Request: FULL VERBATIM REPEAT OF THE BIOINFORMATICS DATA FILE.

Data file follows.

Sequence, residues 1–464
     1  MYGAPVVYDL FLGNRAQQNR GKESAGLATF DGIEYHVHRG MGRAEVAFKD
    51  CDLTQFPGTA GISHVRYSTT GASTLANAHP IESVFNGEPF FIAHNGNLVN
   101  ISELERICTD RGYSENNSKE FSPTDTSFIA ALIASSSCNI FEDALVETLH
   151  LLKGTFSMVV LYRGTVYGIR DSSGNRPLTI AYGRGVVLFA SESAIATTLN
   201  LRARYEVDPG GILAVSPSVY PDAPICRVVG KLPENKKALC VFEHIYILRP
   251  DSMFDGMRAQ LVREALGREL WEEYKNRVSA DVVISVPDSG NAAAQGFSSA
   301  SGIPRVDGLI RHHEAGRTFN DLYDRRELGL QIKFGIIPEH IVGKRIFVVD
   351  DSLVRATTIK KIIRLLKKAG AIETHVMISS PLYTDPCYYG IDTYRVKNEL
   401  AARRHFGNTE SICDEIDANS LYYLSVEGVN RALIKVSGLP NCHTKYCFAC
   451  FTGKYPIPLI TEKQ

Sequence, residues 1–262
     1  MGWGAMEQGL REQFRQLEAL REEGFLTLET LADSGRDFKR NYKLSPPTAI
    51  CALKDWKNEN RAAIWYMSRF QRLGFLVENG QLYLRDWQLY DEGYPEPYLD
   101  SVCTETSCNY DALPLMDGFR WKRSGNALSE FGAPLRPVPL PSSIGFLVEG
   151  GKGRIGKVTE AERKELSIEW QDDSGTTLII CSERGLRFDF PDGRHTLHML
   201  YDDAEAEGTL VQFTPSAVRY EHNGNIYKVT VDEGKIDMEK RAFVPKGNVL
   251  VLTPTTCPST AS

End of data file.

Sequence, residues 1–464
     1  MYGAPVVYDL FLGNRAQQNR GKESAGLATF DGIEYHVHRG MGRAEVAFKD
    51  CDLTQFPGTA GISHVRYSTT GASTLANAHP IESVFNGEPF FIAHNGNLVN
   101  ISELERICTD RGYSENNSKE FSPTDTSFIA ALIASSSCNI FEDALVETLH
   151  LLKGTFSMVV LYRGTVYGIR DSSGNRPLTI AYGRGVVLFA SESAIATTLN
   201  LRARYEVDPG GILAVSPSVY PDAPICRVVG KLPENKKALC VFEHIYILRP
   251  DSMFDGMRAQ LVREALGREL WEEYKNRVSA DVVISVPDSG NAAAQGFSSA
   301  SGIPRVDGLI RHHEAGRTFN DLYDRRELGL QIKFGIIPEH IVGKRIFVVD
   351  DSLVRATTIK KIIRLLKKAG AIETHVMISS PLYTDPCYYG IDTYRVKNEL
   401  AARRHFGNTE SICDEIDANS LYYLSVEGVN RALIKVSGLP NCHTKYCFAC
   451  FTGKYPIPLI TEKQ

Sequence, residues 1–262
     1  MGWGAMEQGL REQFRQLEAL REEGFLTLET LADSGRDFKR NYKLSPPTAI
    51  CALKDWKNEN RAAIWYMSRF QRLGFLVENG QLYLRDWQLY DEGYPEPYLD
   101  SVCTETSCNY DALPLMDGFR WKRSGNALSE FGAPLRPVPL PSSIGFLVEG
   151  GKGRIGKVTE AERKELSIEW QDDSGTTLII CSERGLRFDF PDGRHTLHML
   201  YDDAEAEGTL VQFTPSAVRY EHNGNIYKVT VDEGKIDMEK RAFVPKGNVL
   251  VLTPTTCPST AS